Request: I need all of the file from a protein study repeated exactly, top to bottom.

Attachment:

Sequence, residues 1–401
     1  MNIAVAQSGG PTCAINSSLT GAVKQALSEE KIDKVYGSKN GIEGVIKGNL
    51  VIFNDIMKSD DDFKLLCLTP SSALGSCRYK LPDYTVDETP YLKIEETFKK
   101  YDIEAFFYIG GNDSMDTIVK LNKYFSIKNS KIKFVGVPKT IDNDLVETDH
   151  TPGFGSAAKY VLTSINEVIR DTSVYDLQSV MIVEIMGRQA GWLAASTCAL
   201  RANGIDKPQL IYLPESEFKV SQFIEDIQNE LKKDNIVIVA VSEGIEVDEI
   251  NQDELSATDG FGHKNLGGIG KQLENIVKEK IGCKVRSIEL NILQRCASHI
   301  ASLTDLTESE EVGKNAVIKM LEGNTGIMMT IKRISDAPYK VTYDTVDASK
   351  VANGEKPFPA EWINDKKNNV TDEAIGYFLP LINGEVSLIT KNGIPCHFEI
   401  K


Sequence, residues 1–401
     1  MNIAVAQSGG PTCAINSSLT GAVKQALSEE KIDKVYGSKN GIEGVIKGNL
    51  VIFNDIMKSD DDFKLLCLTP SSALGSCRYK LPDYTVDETP YLKIEETFKK
   101  YDIEAFFYIG GNDSMDTIVK LNKYFSIKNS KIKFVGVPKT IDNDLVETDH
   151  TPGFGSAAKY VLTSINEVIR DTSVYDLQSV MIVEIMGRQA GWLAASTCAL
   201  RANGIDKPQL IYLPESEFKV SQFIEDIQNE LKKDNIVIVA VSEGIEVDEI
   251  NQDELSATDG FGHKNLGGIG KQLENIVKEK IGCKVRSIEL NILQRCASHI
   301  ASLTDLTESE EVGKNAVIKM LEGNTGIMMT IKRISDAPYK VTYDTVDASK
   351  VANGEKPFPA EWINDKKNNV TDEAIGYFLP LINGEVSLIT KNGIPCHFEI
   401  K